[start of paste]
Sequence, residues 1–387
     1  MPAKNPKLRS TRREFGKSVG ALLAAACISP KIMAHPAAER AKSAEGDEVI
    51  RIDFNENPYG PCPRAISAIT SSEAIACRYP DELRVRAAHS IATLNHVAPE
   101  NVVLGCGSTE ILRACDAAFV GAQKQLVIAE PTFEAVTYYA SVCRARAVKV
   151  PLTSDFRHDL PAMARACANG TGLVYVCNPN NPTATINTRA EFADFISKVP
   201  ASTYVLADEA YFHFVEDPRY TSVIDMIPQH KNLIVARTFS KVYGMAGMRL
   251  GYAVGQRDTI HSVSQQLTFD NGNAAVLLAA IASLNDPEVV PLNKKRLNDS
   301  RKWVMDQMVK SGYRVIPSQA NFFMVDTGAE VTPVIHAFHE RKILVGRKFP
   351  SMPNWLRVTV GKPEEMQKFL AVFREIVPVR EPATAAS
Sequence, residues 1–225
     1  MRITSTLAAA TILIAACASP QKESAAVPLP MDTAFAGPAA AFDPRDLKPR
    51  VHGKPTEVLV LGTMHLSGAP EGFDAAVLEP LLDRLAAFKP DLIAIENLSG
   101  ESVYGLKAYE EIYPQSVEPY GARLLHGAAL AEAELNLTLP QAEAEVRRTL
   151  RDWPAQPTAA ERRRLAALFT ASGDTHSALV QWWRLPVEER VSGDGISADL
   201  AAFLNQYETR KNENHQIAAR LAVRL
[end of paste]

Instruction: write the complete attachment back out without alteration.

Sequence, residues 1–387
     1  MPAKNPKLRS TRREFGKSVG ALLAAACISP KIMAHPAAER AKSAEGDEVI
    51  RIDFNENPYG PCPRAISAIT SSEAIACRYP DELRVRAAHS IATLNHVAPE
   101  NVVLGCGSTE ILRACDAAFV GAQKQLVIAE PTFEAVTYYA SVCRARAVKV
   151  PLTSDFRHDL PAMARACANG TGLVYVCNPN NPTATINTRA EFADFISKVP
   201  ASTYVLADEA YFHFVEDPRY TSVIDMIPQH KNLIVARTFS KVYGMAGMRL
   251  GYAVGQRDTI HSVSQQLTFD NGNAAVLLAA IASLNDPEVV PLNKKRLNDS
   301  RKWVMDQMVK SGYRVIPSQA NFFMVDTGAE VTPVIHAFHE RKILVGRKFP
   351  SMPNWLRVTV GKPEEMQKFL AVFREIVPVR EPATAAS
Sequence, residues 1–225
     1  MRITSTLAAA TILIAACASP QKESAAVPLP MDTAFAGPAA AFDPRDLKPR
    51  VHGKPTEVLV LGTMHLSGAP EGFDAAVLEP LLDRLAAFKP DLIAIENLSG
   101  ESVYGLKAYE EIYPQSVEPY GARLLHGAAL AEAELNLTLP QAEAEVRRTL
   151  RDWPAQPTAA ERRRLAALFT ASGDTHSALV QWWRLPVEER VSGDGISADL
   201  AAFLNQYETR KNENHQIAAR LAVRL